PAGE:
House Democrats on Friday roped Vice President Mike Pence into their investigation into whether President Trump “jeopardized national security” by asking Ukraine to investigate what looks like obvious corruption by former Vice President Joe Biden and his son Hunter. In a letter from Democratic House Committee Chairs Eliot Engel (NY), Adam Schiff (CA) and Elijah Cummings (MD), Pence is given a deadline of October 15 to turn over all documents related to President Trump’s April 21 and July 25 phone calls with Ukrainian President Volodymyr Zelensky. The letter also requests all communications between administration officials regarding the calls, as well as information concerning Trump attorney Rudy Giuliani’s efforts to investigate or pressure Ukraine to investigate the Bidens.
Of note, the letter danced around a popular lie about the call between Trump and Zelensky: According to the record, President Trump stated, “I would like you to do us a favor though.” He also stated, “I would like to have the Attorney General call you or your people and I would like you to get to the bottom of it.” The letter then jumps to a transcript of the July 25 phone call in which Trump said: “There’s a lot of talk about Biden’s son, that Biden stopped the prosecution and a lot of people want to find out about that so whatever you can do with the Attorney General would be great.” Meanwhile, House Democrats purposely conflate Trump’s “favor” – which was actually for the investigation of the DNC servers involving their contractor Crowdstrile – and the Biden investigation.
If Pence refuses to comply, the chairmen say it “shall constitute evidence of obstruction” in their impeachment inquiry. For those keeping track – Rep. Schiff lied when he said his office had no contact with the whistleblower (which earned him ‘four Pinocchios’ from the Washington Post). Schiff also fabricated a quote from the Trump-Zelensky call which he read during an official hearing. And now, he and two other House Democratic chairs are doing their best narrative shaping by misrepresenting more facts.
New emails obtained through a Freedom of Information Act (FOIA) lawsuit reveal the details surrounding communications between Deputy Attorney General Rod Rosenstein and Robert Mueller in the days leading up to the former FBI Director’s appointment as special counsel in the Russia probe. Mueller would go on to assemble a team comprising “13 Angry Democrats” as Trump called them, due to their obvious animus towards the president. According to the 145 pages of documents obtained by Judicial Watch, Rosenstein and Mueller were discussing just three days after President Trump fired former FBI Director James Comey, and ostenisbly for some time before that.
“The boss and his staff do not know about our discussions,” Rosenstein wrote Mueller on May 12, 2017 as the two tried to nail down a time for their next conversation. Four days later on May 16- the day before Mueller’s appointment, Rosenstein told former Bush administration Deputy Attorney General and current Kirkland & Ellis Partne, Mark Filip “I am with Mueller. He shares my views. Duty Calls. Sometimes the moment chooses us.” “And on May 17 Rosenstein appointed former FBI Director Robert Mueller to investigate Russian meddling in the 2016 presidential election. Also, during the same time period, between May 8 and May 17, Rosenstein met with then-acting FBI Director Andrew McCabe and other senior Justice Department FBI officials to discuss wearing a wire and invoking the 25th Amendment to remove President Trump.” -Judicial Watch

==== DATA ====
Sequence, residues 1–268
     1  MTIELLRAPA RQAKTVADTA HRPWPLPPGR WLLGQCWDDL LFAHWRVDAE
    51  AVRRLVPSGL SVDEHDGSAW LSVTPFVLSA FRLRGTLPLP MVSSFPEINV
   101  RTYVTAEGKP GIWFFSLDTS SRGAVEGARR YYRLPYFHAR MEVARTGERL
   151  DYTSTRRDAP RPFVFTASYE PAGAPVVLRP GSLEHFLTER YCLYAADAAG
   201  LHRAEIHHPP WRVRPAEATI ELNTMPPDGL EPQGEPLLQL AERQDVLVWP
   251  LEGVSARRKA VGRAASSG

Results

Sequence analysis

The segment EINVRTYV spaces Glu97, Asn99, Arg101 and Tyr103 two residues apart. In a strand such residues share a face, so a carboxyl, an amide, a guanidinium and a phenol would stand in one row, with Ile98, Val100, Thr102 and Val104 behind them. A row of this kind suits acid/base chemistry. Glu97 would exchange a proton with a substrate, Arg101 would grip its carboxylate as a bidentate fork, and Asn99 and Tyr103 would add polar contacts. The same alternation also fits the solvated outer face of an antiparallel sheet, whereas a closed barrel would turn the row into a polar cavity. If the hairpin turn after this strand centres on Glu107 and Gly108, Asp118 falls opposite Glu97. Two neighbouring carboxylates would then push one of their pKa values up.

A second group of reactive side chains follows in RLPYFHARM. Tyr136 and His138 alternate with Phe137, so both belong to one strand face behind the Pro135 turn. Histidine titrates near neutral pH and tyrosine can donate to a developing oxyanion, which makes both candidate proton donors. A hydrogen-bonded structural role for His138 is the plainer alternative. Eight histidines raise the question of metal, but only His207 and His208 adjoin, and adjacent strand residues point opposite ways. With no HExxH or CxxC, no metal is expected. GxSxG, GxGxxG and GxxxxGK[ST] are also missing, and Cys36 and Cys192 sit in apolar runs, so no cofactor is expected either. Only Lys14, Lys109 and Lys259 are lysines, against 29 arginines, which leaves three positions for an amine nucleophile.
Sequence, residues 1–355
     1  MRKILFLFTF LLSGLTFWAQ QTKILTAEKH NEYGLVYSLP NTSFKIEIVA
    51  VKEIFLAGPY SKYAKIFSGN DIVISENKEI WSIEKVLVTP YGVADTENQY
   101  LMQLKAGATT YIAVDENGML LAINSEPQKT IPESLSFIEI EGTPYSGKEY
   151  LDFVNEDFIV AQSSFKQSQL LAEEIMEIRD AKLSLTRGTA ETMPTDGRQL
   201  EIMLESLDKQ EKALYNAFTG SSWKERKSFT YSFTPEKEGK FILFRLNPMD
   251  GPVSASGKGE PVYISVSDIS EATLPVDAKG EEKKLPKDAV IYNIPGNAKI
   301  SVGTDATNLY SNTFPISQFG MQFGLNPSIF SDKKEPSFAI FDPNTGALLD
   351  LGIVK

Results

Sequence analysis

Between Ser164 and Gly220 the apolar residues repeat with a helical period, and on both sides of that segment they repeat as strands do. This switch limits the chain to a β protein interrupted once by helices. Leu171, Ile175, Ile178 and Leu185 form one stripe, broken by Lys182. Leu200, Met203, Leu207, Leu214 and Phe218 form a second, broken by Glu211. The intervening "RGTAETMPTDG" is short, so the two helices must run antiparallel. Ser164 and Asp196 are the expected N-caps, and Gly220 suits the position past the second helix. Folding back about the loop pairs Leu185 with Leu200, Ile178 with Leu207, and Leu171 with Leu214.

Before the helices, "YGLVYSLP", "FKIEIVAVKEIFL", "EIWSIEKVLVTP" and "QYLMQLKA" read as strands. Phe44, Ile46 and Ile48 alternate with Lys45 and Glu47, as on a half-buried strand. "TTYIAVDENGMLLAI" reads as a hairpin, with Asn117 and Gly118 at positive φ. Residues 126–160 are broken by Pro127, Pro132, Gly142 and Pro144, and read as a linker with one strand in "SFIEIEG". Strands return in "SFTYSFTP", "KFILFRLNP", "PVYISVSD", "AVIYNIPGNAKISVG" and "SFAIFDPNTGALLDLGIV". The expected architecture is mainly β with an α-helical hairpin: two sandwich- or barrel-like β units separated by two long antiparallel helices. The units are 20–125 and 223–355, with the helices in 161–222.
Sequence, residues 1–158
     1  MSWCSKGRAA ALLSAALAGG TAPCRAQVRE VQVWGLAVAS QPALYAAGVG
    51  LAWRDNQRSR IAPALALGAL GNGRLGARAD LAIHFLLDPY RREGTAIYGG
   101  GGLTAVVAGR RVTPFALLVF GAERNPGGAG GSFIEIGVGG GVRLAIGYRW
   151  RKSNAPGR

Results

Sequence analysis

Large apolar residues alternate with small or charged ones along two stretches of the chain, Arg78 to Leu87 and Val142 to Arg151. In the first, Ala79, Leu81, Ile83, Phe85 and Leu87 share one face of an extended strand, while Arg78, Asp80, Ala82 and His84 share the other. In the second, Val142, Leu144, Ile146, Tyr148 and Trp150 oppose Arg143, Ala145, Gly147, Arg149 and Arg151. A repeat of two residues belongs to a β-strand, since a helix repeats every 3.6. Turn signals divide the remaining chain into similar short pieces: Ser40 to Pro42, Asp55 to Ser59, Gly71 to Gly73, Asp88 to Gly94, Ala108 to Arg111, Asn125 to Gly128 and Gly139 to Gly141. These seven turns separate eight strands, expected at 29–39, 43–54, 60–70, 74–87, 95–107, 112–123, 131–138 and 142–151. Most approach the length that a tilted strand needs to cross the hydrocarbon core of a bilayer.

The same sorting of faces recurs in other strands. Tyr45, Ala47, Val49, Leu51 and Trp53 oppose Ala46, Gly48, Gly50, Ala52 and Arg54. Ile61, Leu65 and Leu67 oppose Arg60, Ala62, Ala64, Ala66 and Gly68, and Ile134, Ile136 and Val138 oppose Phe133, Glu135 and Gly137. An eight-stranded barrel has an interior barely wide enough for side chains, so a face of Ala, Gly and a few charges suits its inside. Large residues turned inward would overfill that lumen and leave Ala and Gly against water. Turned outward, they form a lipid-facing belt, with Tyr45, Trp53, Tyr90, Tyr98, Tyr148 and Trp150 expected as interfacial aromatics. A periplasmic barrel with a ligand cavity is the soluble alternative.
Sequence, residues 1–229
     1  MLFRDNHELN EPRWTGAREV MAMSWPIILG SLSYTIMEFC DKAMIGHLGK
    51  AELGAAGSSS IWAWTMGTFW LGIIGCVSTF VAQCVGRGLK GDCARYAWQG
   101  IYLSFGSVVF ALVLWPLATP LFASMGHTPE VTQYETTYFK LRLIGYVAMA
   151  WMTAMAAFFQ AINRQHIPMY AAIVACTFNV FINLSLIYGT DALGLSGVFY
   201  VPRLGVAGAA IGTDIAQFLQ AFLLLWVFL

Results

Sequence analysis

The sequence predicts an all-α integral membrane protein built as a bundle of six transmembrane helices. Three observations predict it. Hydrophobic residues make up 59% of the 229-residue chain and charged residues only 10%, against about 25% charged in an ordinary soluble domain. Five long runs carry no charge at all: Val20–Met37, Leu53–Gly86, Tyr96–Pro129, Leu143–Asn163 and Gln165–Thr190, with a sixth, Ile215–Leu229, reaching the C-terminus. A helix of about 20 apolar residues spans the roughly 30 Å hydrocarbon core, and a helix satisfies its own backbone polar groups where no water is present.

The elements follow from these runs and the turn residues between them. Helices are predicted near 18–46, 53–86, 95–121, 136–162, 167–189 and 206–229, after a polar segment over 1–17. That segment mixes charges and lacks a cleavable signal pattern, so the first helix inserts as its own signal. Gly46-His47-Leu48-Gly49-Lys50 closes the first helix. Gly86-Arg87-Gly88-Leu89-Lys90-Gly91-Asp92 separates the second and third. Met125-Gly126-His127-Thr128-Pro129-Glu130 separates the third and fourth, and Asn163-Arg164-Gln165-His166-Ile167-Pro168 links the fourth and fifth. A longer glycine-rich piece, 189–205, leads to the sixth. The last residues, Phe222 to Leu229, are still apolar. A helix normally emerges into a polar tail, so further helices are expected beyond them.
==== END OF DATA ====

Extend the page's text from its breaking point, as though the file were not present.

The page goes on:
[..] what if it turns out that there actually is no Whistleblower, that the figure was just a fiction, a CGI figment cooked up by Adam Schiff, his lawyers, and sundry other players on the Deep State bench? Sounds outlandish perhaps, but I wouldn’t put it past the congressman from Hollywood. We’ll find out soon enough. Meanwhile, it appears that the purported Whistleblower and his chief handler, Intelligence Community Inspector General (ICIG) Michael Atkinson failed to observe the proper procedures in reporting the complaint through channels, not to mention the legerdemain of sketchy paperwork that attested to the complaint.
Remember who Michael Atkinson is: the former legal counsel to John P. Carlin, who was Assistant Attorney General for National Security during the origin months of the RussiaGate operation in the summer of 2016, and before that chief of staff to… wait for it… Robert Mueller, when he was FBI Director. Do you begin to detect a claque of senior bureaucrats scrambling to cover each other’s ass? Interesting days ahead as this feculent blob of malfeasance creepy-crawls through the spooky weeks of October, climaxing in Halloween. These are the weeks when the DOJ Inspector General’s report on FISA court shenanigans comes down. It’s also the month of the Brexit Absolute Deadline.